Most teenagers can’t wait until they’re 21 so they can have a legal ID, but here’s one shop in Japan that will make them want to stay young forever – an ID proving that they’re a sixth grader or younger. Because that’s how young you’ve got to be to enter Japan’s Future Sweets Factory – a magical place filled with all things sweet and delicious. Kids get to enter the factory alone, leaving their parents behind in the lobby area.
Future Sweets Factory is located on the premises of the hugely popular Patisserie es Koyama (famous for its special roll cake), in Sanda City, Hyogo Prefecture. The entrance to the factory is through a large, colorful egg-shaped dome. Beyond the dome lies a waiting hall where children bid goodbye to their parents for a few hours. The kids proceed through a special kid-sized door to where all the magic happens, just like in Willy Wonka’s Chocolate Factory!
Inside the factory, away from their parents’ watchful eyes, kids are treated to samples of freshly made sweets. True to its name, at the Future Sweets Factory kids get to sample all kinds of sweets that are yet to hit the market. They also get to watch the chefs bake three special surprise sweets that cost only 150 yen each. The factory is decorated to suit the kids’ tastes – with cartoon characters and robots.
Meanwhile, the parents get to have a taste of the magical sweets, as well – the waiting room has a vending machine that dispenses a fluffy milk biscuit called ‘Matteru’. The snack comes in two flavors – plain with a milk-butter filling and chocolate with a caramel filling. The Matteru are sold in attractive boxes shaped like milk cartons, at 500 yen for a pack of three. That should keep the parents busy until their children are finally ready to leave.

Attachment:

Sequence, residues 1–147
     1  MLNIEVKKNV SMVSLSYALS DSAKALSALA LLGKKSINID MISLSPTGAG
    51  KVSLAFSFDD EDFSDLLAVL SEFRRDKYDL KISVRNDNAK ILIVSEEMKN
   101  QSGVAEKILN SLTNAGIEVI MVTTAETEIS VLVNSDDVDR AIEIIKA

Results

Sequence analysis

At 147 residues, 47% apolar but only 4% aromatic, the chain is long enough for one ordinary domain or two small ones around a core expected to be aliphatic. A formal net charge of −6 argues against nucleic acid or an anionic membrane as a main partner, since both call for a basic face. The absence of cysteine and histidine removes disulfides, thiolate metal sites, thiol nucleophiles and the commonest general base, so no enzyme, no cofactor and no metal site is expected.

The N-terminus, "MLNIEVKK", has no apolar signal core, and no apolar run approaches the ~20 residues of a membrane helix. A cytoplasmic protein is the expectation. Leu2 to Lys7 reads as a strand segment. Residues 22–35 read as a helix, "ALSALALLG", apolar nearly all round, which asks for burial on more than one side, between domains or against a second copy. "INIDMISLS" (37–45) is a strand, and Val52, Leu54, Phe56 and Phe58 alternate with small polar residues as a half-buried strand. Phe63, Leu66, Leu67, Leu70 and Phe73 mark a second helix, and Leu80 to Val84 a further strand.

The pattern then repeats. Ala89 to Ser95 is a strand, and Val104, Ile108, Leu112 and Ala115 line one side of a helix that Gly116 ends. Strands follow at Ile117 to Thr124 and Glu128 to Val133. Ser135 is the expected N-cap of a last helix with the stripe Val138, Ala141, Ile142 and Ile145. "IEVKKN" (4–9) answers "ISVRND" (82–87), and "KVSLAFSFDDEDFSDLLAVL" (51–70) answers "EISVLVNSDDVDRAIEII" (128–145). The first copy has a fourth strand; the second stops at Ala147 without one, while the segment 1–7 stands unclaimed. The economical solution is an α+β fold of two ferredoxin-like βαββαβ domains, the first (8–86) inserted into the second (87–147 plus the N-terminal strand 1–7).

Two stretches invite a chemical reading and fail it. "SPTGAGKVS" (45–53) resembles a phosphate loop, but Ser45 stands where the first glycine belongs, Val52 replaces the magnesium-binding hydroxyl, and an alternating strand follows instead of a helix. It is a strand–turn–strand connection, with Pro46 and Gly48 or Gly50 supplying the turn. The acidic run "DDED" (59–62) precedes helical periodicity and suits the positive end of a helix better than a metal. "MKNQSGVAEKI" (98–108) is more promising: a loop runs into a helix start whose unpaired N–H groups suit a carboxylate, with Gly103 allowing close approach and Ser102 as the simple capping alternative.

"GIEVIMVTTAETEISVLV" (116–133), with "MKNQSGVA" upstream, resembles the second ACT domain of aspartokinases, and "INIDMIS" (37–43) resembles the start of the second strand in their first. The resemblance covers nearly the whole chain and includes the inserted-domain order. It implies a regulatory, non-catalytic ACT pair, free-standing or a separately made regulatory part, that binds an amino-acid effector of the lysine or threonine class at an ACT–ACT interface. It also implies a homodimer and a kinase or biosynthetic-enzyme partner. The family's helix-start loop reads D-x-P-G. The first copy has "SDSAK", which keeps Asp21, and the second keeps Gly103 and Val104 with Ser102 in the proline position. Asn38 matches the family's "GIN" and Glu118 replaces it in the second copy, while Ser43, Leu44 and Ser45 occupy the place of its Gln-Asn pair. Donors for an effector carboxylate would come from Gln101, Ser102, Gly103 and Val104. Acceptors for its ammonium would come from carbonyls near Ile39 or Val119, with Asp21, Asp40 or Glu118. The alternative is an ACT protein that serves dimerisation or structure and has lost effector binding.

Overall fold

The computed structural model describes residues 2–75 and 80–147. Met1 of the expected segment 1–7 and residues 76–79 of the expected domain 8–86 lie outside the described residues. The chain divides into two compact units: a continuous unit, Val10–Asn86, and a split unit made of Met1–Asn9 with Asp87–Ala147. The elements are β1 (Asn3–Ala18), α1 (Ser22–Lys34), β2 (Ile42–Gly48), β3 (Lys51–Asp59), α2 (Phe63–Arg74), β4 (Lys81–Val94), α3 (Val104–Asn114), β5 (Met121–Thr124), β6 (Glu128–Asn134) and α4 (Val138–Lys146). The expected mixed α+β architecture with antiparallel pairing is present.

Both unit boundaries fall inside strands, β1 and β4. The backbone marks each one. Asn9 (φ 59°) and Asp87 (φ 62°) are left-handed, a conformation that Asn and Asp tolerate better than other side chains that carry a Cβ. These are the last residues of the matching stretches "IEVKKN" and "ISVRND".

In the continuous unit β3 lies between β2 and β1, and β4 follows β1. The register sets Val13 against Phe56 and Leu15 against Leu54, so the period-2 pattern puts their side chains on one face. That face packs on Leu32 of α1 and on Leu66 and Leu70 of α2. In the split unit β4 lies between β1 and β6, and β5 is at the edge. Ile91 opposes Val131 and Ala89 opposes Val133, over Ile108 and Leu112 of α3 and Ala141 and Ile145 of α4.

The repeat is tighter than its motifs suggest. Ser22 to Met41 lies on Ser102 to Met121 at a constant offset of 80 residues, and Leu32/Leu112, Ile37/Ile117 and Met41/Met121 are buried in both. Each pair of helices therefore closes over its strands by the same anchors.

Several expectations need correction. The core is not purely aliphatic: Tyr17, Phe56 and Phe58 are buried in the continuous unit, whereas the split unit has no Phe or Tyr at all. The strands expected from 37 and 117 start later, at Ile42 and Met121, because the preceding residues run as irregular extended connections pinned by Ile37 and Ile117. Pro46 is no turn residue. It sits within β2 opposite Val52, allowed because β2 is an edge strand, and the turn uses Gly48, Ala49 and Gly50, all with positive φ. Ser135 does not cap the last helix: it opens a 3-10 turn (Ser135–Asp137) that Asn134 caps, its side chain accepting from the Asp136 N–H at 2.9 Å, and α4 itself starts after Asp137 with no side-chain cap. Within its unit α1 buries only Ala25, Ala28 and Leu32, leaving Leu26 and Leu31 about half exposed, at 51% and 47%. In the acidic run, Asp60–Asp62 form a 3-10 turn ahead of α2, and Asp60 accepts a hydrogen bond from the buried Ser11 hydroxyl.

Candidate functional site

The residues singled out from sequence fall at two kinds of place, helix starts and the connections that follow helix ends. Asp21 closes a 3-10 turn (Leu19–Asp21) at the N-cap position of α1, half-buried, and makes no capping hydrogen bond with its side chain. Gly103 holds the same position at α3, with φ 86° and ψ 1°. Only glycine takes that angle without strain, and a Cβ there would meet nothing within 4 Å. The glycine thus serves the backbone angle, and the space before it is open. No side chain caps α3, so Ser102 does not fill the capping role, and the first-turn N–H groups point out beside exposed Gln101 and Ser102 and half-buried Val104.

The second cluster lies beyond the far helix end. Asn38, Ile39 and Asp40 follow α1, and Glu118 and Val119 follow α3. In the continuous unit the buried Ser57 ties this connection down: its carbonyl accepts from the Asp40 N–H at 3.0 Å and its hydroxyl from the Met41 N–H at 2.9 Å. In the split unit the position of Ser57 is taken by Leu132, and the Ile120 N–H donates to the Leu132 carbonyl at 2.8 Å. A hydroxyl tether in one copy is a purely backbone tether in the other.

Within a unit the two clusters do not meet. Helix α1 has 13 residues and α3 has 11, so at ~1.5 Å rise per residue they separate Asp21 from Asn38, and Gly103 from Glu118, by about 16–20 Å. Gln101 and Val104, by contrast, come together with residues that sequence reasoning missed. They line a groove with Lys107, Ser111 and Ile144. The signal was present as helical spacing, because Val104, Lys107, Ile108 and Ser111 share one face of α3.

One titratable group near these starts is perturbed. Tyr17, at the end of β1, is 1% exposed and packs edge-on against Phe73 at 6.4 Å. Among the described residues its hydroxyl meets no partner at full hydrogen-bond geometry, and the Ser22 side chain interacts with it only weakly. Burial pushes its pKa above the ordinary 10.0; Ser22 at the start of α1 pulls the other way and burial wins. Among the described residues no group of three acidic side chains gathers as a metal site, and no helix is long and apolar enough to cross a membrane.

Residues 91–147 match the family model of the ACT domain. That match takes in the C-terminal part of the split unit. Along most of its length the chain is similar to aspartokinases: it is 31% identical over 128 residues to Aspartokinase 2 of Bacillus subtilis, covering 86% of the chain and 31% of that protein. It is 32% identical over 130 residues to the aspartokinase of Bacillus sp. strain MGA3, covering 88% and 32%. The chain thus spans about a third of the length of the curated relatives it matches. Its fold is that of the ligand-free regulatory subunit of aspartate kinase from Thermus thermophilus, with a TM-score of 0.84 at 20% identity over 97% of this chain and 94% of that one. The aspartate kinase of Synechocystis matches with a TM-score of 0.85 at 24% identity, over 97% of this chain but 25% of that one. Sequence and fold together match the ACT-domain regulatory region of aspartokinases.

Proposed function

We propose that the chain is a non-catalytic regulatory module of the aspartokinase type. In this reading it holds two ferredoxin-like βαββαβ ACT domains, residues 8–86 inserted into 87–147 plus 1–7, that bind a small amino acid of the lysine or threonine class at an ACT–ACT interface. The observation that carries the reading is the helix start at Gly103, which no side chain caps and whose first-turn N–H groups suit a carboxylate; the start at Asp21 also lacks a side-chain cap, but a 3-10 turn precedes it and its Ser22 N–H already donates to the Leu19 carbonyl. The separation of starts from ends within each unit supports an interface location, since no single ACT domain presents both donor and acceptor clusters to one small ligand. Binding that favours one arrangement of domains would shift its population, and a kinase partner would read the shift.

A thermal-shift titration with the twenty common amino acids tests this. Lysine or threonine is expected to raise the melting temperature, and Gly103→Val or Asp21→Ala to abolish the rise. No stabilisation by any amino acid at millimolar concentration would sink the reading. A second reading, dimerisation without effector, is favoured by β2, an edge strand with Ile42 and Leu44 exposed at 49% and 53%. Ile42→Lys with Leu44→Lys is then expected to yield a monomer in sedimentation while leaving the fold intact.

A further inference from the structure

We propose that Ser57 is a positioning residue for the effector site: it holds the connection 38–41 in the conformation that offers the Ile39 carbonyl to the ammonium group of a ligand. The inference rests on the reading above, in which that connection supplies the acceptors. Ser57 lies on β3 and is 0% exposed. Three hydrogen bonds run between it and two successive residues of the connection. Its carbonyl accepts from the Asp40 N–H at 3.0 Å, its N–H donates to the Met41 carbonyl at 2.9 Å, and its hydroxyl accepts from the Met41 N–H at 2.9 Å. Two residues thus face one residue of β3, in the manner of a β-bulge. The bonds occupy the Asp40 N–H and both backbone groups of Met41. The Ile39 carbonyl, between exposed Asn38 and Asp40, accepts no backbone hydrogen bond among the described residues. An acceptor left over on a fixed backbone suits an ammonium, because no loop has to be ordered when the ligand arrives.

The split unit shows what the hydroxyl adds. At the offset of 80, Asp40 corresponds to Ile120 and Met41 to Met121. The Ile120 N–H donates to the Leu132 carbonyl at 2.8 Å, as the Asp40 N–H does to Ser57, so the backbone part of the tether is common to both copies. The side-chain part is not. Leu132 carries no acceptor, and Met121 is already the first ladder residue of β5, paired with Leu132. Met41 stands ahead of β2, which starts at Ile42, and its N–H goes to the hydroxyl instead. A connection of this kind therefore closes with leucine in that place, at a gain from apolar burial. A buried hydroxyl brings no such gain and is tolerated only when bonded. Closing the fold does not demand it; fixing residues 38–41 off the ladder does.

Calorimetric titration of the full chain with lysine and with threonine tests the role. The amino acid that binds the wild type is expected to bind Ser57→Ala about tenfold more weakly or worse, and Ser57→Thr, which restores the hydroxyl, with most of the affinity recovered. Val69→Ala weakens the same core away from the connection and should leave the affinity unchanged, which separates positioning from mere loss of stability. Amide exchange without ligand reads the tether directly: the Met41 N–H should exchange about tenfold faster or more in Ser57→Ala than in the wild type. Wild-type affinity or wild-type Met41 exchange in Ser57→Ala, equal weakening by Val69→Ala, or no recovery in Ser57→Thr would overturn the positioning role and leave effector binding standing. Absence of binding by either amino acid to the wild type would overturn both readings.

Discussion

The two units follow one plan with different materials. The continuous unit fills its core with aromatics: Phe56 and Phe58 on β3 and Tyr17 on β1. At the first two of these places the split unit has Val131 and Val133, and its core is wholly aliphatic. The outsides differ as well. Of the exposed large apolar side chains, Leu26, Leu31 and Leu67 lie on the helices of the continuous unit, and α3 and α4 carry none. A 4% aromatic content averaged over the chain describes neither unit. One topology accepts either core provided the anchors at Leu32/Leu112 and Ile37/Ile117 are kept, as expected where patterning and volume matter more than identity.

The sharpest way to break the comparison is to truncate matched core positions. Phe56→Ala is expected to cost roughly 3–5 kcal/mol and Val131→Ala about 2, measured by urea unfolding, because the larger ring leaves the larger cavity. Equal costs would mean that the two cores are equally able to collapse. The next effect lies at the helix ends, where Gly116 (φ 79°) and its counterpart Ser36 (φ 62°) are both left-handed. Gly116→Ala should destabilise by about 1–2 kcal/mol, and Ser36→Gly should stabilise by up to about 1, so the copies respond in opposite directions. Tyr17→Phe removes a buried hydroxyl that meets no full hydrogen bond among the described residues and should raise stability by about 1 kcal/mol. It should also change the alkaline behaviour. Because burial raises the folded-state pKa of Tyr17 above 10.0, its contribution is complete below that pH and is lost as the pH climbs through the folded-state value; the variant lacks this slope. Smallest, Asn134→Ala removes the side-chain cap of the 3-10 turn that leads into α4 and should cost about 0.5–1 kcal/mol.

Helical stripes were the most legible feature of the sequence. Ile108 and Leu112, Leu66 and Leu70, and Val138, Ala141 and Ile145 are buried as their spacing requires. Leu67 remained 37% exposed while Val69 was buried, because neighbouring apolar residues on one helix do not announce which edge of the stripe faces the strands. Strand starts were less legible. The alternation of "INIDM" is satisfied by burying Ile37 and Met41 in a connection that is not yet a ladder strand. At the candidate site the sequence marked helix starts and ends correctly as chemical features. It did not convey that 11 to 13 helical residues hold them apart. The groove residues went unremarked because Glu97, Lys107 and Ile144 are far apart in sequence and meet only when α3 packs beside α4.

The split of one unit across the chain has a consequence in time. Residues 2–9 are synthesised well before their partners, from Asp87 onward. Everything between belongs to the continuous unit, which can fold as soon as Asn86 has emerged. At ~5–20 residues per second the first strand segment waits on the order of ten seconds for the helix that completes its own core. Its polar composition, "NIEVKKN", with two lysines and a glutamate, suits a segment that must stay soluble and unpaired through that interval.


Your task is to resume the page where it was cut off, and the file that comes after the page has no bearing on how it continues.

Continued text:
Once they are out, the kids are encouraged to describe their exciting adventures to the adults. In fact, this communication between parent and child was the actual motivation for Chef Susumu Koyama to create Future Sweets Factory. “Nowadays, adults are so busy that they don’t always have time to listen to what their children are saying,” he said. “As a result, I feel like kids have trouble expressing themselves. I want to foster more communication by encouraging an ‘I want to tell you something’ attitude in children and an ‘I want to hear what you have to say’ attitude in adults.”
Chef Koyama said that when he was younger, he would tell stories about school to his mother and other ‘uncles’ and ‘aunties’ in the neighborhood. “They were always willing to listen. Growing up in that kind of environment is the reason why I am who I am today. At this new shop, I hope to revive the atmosphere of those good old days and become one of those neighborhood uncles for the new generation.”
It’s nice to know that someone who makes sweets also has such a sweet disposition. Future Sweets Factory is a wonderful idea, giving children an exciting experience to cherish forever. I wish it had existed 20 years ago – I’d have queued up to get in every day!